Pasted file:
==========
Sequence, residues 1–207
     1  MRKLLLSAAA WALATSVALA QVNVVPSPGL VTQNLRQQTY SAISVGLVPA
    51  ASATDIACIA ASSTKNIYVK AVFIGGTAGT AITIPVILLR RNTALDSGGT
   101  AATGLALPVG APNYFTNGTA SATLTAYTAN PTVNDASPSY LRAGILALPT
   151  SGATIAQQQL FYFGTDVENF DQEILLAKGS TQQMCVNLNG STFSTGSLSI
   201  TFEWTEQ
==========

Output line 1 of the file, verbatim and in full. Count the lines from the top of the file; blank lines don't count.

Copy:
Sequence, residues 1–207